Monday, 30 April 2012

Honda Hawk Streamliner Week – Post: 07

Father of the Honda Hawk

Few men have realized the acclaim and successes in land-speed-record (LSR) racing and motorsports design innovation as Richard “Dick” Keller; project manager of Reaction Dynamics’ successful The Blue Flame rocket-powered LSR racer which streaked to the world record speed of 630 miles per hour; designer and builder of the Honda Hawk motorcycle streamliner; rocket engineer, chassis consultant and designer for the Pollution Packer and Pollution Packer Bonneville Dragster race cars which set numerous national, international, and world records on the Bonneville Salt Flats; and designer of the first successful rocket-powered race car, the X-1.

How did this fascination with speed and rockets begin? As a boy, Dick saw a photograph of auto magnate Fritz von Opel’s rocket car that had achieved a speed of 121 miles per hour at Berlin’s Avus track in 1928. Emblazoned on the car in large letters were the initials RAK2, a German abbreviation for the word “raketen”, or rocket, number two. Young Dick, whose initials are RAK III, imagined the coincidence to be Destiny pointing a finger at him. Thereafter, rocket propulsion and motor racing became his greatest interests and enjoyment.

Dick seemed always in a hurry to get somewhere fast. He earned a reputation amongst his playmates in his Chicago neighborhood for modifying bicycles to go faster, stripping off excess weight and changing the sprockets for more speed. Using war surplus CO2 cartridges for jet propulsion, he built (and wrecked) numerous balsa wood model Bonneville lakesters.

While a teenager he built and drove “hot rods” on Chicago streets and dragstrips as a founding member of the Igniters Auto Club. Then, in the late Fifties, he was further inspired when he became an occasional “go-fer” for the greatest dragracing star of all time, Don “Big Daddy” Garlits.
Continuing his education after high school at Notre Dame University and Illinois Institute of Technology, his professional career has spanned fundamental and applied research as well as engineering design, development, and management. Early career highlights include research on aircraft boron fuels and silicone lubricants for the US Air Force, design of high vacuum test equipment used in developing new semi-conductor materials and integrated circuits, chemical warfare projectiles, military satellite defenses, NASA rocket-fueling monitors for the Saturn I and Saturn V Apollo booster rockets, and a study of the gas reaction kinetics of methane and oxygen.

Experience gained at Phoenix Chemical Laboratory, IIT Research Institute, and the Institute of Gas Technology, in industrial and government contract research, led to his co-founding Reaction Dynamics, Inc. with Ray Dausman and Pete Farnsworth in 1965 to design, build, and develop new concepts in prototype and racing vehicles. There, he and Ray, who also worked with him at IIT Research Institute, designed and developed the first hydrogen peroxide (H2O2) rocket motor for a racing car, the X-1. Its record-setting speeds on Midwestern dragstrips eventually helped Dick convince the American Gas Association to sponsor what was to become a successful attempt on international speed records. On October 23, 1970, Gary Gabelich, Long Beach, California native, drove The Blue Flame rocket to a new FIA-recognized kilometer world land-speed-record of 630.388 miles per hour.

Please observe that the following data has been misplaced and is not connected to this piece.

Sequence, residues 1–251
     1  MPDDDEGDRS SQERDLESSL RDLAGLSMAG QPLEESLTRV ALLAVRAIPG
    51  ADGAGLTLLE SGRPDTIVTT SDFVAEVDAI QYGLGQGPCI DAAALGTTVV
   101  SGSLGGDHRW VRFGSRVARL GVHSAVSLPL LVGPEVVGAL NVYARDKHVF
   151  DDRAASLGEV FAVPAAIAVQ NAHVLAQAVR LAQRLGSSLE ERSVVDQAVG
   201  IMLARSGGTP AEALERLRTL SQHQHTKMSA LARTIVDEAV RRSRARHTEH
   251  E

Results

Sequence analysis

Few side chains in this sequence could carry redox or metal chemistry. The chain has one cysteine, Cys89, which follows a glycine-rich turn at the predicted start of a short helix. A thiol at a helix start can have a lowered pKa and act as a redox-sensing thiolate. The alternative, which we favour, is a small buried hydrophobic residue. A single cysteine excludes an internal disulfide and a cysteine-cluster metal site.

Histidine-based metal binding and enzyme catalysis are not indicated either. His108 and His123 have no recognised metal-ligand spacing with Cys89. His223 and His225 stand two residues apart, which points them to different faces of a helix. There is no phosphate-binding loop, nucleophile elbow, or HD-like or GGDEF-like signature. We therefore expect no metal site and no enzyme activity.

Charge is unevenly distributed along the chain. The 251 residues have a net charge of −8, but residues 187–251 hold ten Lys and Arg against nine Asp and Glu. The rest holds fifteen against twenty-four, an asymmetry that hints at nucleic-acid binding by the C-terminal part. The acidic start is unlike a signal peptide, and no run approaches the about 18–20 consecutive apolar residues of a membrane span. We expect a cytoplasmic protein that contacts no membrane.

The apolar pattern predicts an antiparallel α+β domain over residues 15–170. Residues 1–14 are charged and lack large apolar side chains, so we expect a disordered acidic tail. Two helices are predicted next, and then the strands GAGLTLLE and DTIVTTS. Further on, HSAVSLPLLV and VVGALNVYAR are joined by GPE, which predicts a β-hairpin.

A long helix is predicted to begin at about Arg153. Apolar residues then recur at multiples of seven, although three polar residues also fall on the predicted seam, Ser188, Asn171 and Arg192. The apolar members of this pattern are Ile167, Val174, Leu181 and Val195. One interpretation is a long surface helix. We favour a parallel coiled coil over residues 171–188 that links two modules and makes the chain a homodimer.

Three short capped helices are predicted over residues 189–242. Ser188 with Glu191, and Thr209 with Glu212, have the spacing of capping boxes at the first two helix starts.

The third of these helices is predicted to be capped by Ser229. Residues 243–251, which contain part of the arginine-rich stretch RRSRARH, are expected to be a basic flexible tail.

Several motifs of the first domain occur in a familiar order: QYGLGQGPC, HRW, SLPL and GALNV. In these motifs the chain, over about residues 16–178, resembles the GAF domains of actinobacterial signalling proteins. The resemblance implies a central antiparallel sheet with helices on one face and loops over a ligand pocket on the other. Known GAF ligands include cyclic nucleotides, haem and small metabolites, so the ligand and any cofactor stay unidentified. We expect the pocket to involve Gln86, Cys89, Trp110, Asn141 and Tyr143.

In 1971 at Reaction Dynamics, Dick and Pete designed and built the Honda Hawk, a turbocharged dual 750cc 4-cylinder motorcycle-engine powered land missile that zoomed across the Bonneville Salt Flats at 286 miles per hour, more than 30 mph faster than the FIM world record at that time. Unfortunately, due to poor surface conditions that year, the required backup run for the official record could not be made.

After leaving Reaction Dynamics in 1972, Dick continued racing car design and building rocket propulsion systems as Keller Design Corporation. His engines have powered the Pollution Packers, Miss STP, Conklin Comet, and American Dream Rocket Dragsters, and the Spirit of ‘76, Captain America, Moonshot, Chicago Patrol, Vanishing Point, and Natural High rocket-powered Funny Cars.

The Pollution Packer Bonneville Dragster, a unique monocoque-chassis Rocket Dragster, was designed by Keller and built by Tim Kolloch at R&B Automotive in Kenosha, WI. In addition to the World Land Speed Record, Dick’s cars held, at the same time, all FIA world acceleration and speed records up to one kilometer distance (see FIA Recognized International Record list). Numerous dragstrip records set coast-to-coast included the all-time NHRA low elapsed time (4.62 seconds) and top speed (344 mph) for the 1/4-mile in an NHRA national event by Dave Anderson driving the Pollution Packer at the NHRA Summernationals in 1973, and the 1/8-mile (3.40 seconds ET at 248 mph) in 1974. Sammy Miller ultimately blasted his Keller Design-powered Rocket Funny Car, the Vanishing Point, to over 400 miles per hour in 4.04 seconds in 1977!

Dick’s competitive urges turned full circle when, as a Masters Category competitor, he returned to his early love, bicycle racing. He was won several national track championships as well as setting European (UEC) and World (UCI) masters track cycling records.

Beginning with a young boy’s fascination with (sp)rocket technology, continuing through a young man’s determination to excel, Dick Keller’s quest for speed has certainly been
rewarded with success.

To quote Dick in his 70s, “Life is short; the road is long; ride fast!”

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